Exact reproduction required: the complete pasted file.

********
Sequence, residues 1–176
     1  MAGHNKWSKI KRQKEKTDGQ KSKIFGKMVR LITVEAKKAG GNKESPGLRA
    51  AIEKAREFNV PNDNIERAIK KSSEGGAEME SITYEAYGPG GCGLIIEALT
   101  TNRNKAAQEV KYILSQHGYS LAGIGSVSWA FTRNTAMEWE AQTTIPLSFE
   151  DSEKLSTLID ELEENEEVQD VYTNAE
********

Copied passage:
Sequence, residues 1–176
     1  MAGHNKWSKI KRQKEKTDGQ KSKIFGKMVR LITVEAKKAG GNKESPGLRA
    51  AIEKAREFNV PNDNIERAIK KSSEGGAEME SITYEAYGPG GCGLIIEALT
   101  TNRNKAAQEV KYILSQHGYS LAGIGSVSWA FTRNTAMEWE AQTTIPLSFE
   151  DSEKLSTLID ELEENEEVQD VYTNAE